No quarterback, not even one as special as reigning Super Bowl Most Valuable Player Patrick Mahomes, can deter Ravens defensive coordinator Don “Wink” Martindale from his philosophy on pressure.
In his eyes, if a quarterback is passing, he must be under duress.
So Martindale dialed up blitzes, stunts and even packages Mahomes acknowledged that he was unprepared for, but it was to no avail, as the $450 million quarterback matched every look with a well-designed screen, pinpoint pass or timely scramble.
The Ravens failed to sack Mahomes during the 34-20 loss Monday night and only hit him four times on 42 dropbacks.
“We tried a few different things. [Mahomes] has great pocket presence; he knows how to drift,” defensive end Calais Campbell said after Monday’s game. “He sees things. … He’s a great quarterback, and they give him a lot of responsibility up front controlling protections. We had our opportunities, and when we did, we didn’t get there. So, we have to watch the tape, regroup, figure it out and be better next week.”
Of all the team’s questions after a 2-1 start and a disappointing showing on “Monday Night Football,” the state of the pass rush might be the most concerning.
Despite offseason changes throughout the front seven, the Ravens haven’t seen substantial improvement in the pass rush and have, in fact, experienced a statistical regression through three games. The defense remains one of the league’s most blitz-happy units but hasn’t seen appropriate pressure rates.
In three games, Ravens defenders have recorded just six sacks. Players and coaches will be quick to say that judging pass rush success solely off takedowns is an antiquated view. But total pressure rates are down, too.
According to Pro-Football-Reference, the Ravens are blitzing on 45.9% of opposing dropbacks, second most in the NFL behind the Pittsburgh Steelers (51.2%). But while the team’s hurry rate is in the top half of the league, its knockdown rate and sack total fall in the bottom half of the league. Furthermore, its pressure rate — which accounts for hurries, knockdowns and sacks — is 18%, which also lands in the bottom half. (The Steelers, who blitz on over half of opposing dropbacks, lead the league with a 46.5% pressure rate).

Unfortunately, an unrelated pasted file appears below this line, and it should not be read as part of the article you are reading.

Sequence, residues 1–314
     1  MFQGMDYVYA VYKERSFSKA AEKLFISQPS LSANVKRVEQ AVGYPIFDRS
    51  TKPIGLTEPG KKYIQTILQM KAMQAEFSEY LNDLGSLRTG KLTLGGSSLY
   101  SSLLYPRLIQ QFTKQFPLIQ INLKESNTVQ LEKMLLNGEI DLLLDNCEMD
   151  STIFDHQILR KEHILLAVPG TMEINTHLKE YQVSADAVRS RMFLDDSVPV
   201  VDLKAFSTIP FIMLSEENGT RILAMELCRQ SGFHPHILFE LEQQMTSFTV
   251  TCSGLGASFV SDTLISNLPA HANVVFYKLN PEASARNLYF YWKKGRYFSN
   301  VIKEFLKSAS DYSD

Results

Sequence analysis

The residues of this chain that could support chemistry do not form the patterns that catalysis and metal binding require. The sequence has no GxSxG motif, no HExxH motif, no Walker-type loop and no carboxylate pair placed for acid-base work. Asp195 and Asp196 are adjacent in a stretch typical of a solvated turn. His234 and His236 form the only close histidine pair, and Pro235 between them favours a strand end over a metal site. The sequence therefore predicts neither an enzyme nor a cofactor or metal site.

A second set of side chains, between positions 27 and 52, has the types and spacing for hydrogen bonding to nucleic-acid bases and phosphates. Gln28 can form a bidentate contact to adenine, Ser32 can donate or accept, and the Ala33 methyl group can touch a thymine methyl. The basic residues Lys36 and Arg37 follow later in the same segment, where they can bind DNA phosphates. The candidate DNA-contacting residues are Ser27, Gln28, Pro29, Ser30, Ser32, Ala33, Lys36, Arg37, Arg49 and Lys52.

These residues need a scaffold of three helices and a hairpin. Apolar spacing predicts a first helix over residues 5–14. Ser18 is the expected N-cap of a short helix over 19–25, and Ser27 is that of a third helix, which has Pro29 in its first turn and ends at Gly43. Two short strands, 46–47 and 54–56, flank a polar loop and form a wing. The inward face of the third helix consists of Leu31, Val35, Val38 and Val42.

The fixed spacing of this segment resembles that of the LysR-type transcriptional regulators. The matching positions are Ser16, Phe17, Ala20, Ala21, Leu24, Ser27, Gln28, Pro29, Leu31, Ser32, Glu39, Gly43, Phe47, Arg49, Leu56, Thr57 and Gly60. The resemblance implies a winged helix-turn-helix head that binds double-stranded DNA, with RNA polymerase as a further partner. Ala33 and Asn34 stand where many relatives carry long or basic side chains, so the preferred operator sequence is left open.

For comparison, in 2019 the Ravens blitzed on a league-high 54.9% of opposing dropbacks and their pressure rate was 23.4%, which ranked 15th.
Three games of a 16-game regular season might be a bit of a small sample size, but the performance is still worthy of being questioned after the team reconstructed its front seven in the offseason. The team traded for Campbell (one sack, one quarterback hit), signed defensive end Derek Wolfe (zero sacks, two quarterback hits) and drafted inside linebacker Patrick Queen (one sack, two quarterback hits) in not only an effort to stop the run, but improve its pass rush.
Outside linebacker Matthew Judon, who is playing on the $16.8 million franchise tag, has zero sacks and three quarterback hits and is often asked to drop back in coverage in Martindale’s scheme.
Any outside help seems unlikely in the near future. When asked Wednesday if the team has thought about bringing in a pass rusher, Harbaugh replied, “I haven’t been given a name or an option on that. I haven’t heard anything about that at this point.”
Leaguewide blitz rates have increased from 27% to 30% from 2018 to 2020, according to the NFL’s Next Gen Stats. However, during that same time span, pressure rates have decreased from 27% to 25% and the percentage of quick passes — when the ball is thrown in less than 2.5 seconds — has increased from 45% to 46%.
The Ravens aren’t the only team with pass rush problems, but that doesn’t make it any less bearable.
If there’s any game for the Ravens to blitz less, it likely won’t be Sunday when they travel to Landover to play the Washington Football Team. According to Next Gen Stats, Washington quarterback Dwayne Haskins has struggled against pressure, completing just three of 18 passes for 30 yards, zero touchdowns and two interceptions, a 0.0 passer rating.
“I think it’s a work in progress. … It’s one of those things that the grass isn’t always greener, sometimes you just have to water your own grass that you have in your own yard and just work every game," Martindale said Thursday on a video conference call. “Every game has a different challenge. Obviously, the way that Patrick got rid of the ball faster than I’ve ever seen him do it, that was something that they did different. But also, our execution needs to be better in our pass rush.
"Whether it’s a defensive lineman, whether it’s a safety, whether it’s a linebacker, whatever — we need to execute better.”
Sunday, 1 p.m.
TV: Chs. 13, 9
Radio: 1090 AM, 97.9 FM
Line: Ravens by 13